Panta Bhaat and dishes similar to Panta Bhaat are popular across East India.
Bengalis around the world are celebrating the Poila Boisakh or Pohela Boisakh today. It is the first day of the month of Baisakh, and the very first day of the Bengali calendar too. The Bengali New Year is celebrated with much fervour across West Bengal, Tripura, and Bangladesh. People indulge in lavish feasts, men and women deck themselves in lavish attires and fairs and processions are common too in some parts of Bengal.
What Is Pohela Boisakh? What Makes The Holiday So Significant
Traditionally, Pohela Boisakh, used to be the day where businessman, merchants and shopkeepers would settle accounts of previous year and open a new ‘Haal Khata’ or a new ledger, for the upcoming year. This ritual would also be accompanied with a little Puja. While ledgers and files maybe passe now, many Bengali businessmen still prefer to start their new financial year on Poila Boisakh.
Another very interesting theory around the origins of Bengali new year takes us back to the times of the Mughals. During the Mughal era, the land taxes would be collected from the people of Bengal as per the Islamic Hijiri calendar, which would not coincide with solar agricultural cycles that most of Bengal would follow at the time. It is said that Akbar ordered the issue of a new calendar that would combine the Islamic lunar calendar and Hindu Solar calendar, and it was on the first day of this calendar (Poila Boisakh) that the tax collection would take place. There are other theories too that attribute the Bengali calendar to the 7th century king Shashanka. Apparently, the term Bangabda (Bangla year) can be found in two Shiva temples that were established centuries before the Mughals stepped foot in India.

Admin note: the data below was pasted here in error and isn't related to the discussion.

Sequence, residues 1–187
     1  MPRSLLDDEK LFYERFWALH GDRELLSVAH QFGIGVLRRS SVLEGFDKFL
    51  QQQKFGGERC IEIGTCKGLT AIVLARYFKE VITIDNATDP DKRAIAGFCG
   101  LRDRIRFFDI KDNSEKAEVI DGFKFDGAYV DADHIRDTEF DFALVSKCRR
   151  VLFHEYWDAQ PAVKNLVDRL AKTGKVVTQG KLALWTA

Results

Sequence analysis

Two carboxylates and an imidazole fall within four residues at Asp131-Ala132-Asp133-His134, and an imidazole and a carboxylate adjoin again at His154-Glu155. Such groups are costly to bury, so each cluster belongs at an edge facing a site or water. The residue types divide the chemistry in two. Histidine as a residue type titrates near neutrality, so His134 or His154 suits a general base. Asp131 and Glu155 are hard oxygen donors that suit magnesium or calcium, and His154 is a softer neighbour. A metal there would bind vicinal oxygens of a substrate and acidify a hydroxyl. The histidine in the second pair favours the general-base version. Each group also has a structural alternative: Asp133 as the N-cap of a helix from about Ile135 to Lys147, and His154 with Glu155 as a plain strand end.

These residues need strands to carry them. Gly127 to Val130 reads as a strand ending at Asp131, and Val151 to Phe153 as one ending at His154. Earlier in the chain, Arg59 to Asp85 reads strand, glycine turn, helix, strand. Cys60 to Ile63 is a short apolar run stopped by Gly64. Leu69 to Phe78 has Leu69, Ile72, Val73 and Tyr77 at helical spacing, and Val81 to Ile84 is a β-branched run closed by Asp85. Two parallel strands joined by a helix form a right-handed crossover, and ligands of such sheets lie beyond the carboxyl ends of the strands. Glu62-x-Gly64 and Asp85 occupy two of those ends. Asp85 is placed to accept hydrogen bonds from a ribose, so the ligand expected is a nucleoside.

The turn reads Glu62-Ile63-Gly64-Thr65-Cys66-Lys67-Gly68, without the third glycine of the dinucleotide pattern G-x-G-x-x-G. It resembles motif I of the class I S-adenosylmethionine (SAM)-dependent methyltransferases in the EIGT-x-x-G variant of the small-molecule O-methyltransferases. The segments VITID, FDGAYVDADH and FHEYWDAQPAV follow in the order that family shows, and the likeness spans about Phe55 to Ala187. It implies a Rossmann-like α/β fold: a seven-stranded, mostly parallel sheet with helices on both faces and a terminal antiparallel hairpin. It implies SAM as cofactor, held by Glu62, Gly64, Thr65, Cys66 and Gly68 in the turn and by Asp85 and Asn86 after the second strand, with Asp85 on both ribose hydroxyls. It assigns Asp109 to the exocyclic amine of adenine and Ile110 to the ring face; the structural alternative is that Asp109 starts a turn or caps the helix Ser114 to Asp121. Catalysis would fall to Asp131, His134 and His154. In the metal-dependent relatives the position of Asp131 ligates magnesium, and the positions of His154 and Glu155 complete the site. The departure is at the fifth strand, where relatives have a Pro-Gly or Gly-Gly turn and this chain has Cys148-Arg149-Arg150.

What Is Panta Bhat? And Why Is It A Beloved Item On The Bengali New Year Platter?
Irrespective of what the origins of the holiday are, it continues to be one of the biggest and most important days for every Bengali. There are many kinds of lavish foods and sweets prepared on this day, but there’s also an interesting tradition that many Bengalis follow on this day, and that is the tradition of eating Panta Bhaat. It is the most basic rice preparation. Also known as Poita Bhaat in Assamese, this meal comprises cooked rice that is soaked and fermented in water over night. The liquid remains is known as Torani.
Panta Bhaat and dishes similar to Panta Bhaat are popular across East India. It would not be an exaggeration to dub this preparation as one of the favourite comfort foods of the east. Enjoyed by everyone regardless of their social strata, Panta Bhaat would traditionally be prepared with the leftover rice that would be soaked in water. The fermented rice dish would then be served the next day in the morning with salt, onion, chillies and mashed boiled potatoes. Panta Bhaat, accompanied with fish, preferably Hilsa is an ideal ‘Bengali New Year’ meal that is one of the highlights of the day.
Rice holds a very ritualistic importance in all Bengali households, it is directly associated with Laxmi, the Goddess of wealth and food. Hence, rice is also included in many Pujas and it is considered a sin of sorts to waste even a single morsel of rice.
People of Bengal have been consuming Panta Bhaat since time immemorial, it is also considered to be replete with many essential micronutrients. Famous Portuguese Traveler in his visit to Bengal in 17th century reported that people of all communities would chow down Panta Bhat and Shaak. Those who could afford ghee and other exquisite sweetmeats and fish would add them to their platter, but rice remained a common fixture.
Have you ever tried Panta Bhat? How about trying this recipe soon.